For years I've made THIS pancake/waffle recipe and everyone loves it. But when I came across this new one, which uses WHOLE grains (as in NOT flour, but the actual berries) I liked the idea of getting more varied grains into our diets. (Especially now that I have my Bosch blender to easily do the work.) These days the wheat crops are so “dumbed down”, or hybridized, meaning they're not very close to what the original grain of wheat looked like a thousand years ago. Whole wheat is becoming a big business, so of course they have to mess with it – I like to try to use other grains that are closer to what our ancestors ate. I also liked the idea of using 100% whole grains in this recipe. Whereas when I make my other recipe above, I usually add part organic unbleached white flour or Einkorn flour to give it a lighter texture and flavor.
I was unsure about this recipe, though…
I thought it would come out heavy and grainy – my palate is picky about this stuff. I used part organic brown rice, part oats, and part barley the first time. The next time I used oats and soft wheat berries, just because those were the grains I had on hand. Like Sue Gregg explains, you are not using flour in this recipe, you are using whole grains, the whole berry (wheat, spelt, kamut, barley, etc.), the hard uncooked rice, or the uncooked oats.
Mix it up, use different grains!
- You can buy soft whole wheat grains here
- Buy organic oats here
- Buy organic brown rice here
- Buy organic spelt grains here
- Buy organic kamut grains here
- Buy organic barley here
- What did I forget?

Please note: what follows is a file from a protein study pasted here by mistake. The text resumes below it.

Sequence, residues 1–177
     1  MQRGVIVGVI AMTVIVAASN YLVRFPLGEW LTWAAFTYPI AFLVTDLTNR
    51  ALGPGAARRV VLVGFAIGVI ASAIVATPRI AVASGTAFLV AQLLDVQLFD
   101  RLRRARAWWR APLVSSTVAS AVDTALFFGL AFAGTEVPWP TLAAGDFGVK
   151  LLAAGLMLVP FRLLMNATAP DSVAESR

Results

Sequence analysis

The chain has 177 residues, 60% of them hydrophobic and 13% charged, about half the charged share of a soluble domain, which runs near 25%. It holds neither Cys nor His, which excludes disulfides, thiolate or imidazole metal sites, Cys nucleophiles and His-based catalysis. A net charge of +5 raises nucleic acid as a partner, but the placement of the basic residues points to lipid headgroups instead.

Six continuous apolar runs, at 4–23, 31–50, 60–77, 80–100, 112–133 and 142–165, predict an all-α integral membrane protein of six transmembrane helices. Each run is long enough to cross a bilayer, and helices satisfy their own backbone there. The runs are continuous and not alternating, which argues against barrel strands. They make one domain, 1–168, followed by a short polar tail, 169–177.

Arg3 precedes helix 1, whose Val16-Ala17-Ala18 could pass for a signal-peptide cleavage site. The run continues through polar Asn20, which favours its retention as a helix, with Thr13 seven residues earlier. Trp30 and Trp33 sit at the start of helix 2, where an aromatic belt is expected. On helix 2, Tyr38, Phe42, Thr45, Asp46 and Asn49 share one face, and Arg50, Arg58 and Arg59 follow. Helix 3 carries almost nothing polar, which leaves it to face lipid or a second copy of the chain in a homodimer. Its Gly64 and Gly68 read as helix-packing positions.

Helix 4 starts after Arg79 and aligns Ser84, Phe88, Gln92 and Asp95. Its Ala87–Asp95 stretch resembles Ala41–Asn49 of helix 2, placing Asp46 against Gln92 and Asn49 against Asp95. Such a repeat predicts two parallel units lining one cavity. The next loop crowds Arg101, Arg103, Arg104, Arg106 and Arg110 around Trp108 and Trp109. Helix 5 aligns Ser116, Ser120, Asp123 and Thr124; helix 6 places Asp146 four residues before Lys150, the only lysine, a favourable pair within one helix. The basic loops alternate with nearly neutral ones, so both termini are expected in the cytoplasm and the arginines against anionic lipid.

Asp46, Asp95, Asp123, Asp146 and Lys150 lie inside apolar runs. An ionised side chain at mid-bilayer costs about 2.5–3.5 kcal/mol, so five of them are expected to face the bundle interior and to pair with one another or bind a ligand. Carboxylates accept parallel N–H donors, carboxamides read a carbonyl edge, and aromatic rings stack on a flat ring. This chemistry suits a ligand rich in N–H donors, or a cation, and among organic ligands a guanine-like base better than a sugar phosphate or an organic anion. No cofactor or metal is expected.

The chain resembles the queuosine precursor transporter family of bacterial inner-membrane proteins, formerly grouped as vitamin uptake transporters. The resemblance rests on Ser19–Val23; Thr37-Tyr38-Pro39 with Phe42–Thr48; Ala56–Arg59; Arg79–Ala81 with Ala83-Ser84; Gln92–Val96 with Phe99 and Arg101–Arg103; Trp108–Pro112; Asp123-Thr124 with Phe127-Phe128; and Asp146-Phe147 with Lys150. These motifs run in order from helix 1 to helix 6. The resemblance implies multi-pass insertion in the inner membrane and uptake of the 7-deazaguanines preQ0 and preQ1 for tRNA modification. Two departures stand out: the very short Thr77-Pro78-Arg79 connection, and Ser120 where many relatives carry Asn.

We all loved them
Believe it or not, the way you make this, it really does grind up small and you end up with a nice smooth batter. With the oil in the recipe, they came out crispy on the edges, and they had a really good flavor. Don't forget lots of healthy butter and real maple syrup on top. 🙂
They turned out light tasting and yummy – using 100% whole grains!
DID YOU KNOW NOT ALL WHOLE GRAINS ARE HEALTHY?
Another thing I love about this recipe, (like my other one), is that it is soaked overnight in an “acid medium” – in this recipe I used buttermilk – something acidic breaks down the phytic acid overnight to make this a very nutritious way to eat whole grains – read more about why “soaking” grains is important.
You could also use plain yogurt or some whey for the acidic component.
Click here for the recipe: Sue Gregg's Blender Batter Waffles/Pancakes A
A COUPLE NOTES:
- I thought it came out too thin, so I decreased the buttermilk by 1/4 c. and this was much better. (The next day if it's too thick to make a vortex in the blender, just add back in a little milk.)
- Here are the organic grains I have experimented with and they have all been good: barley (I happened to have it in my pantry from a soup I made a while back – normally I don't use this much), soft wheat, spelt, oats, & brown rice. If you use something different, comment below and let us know.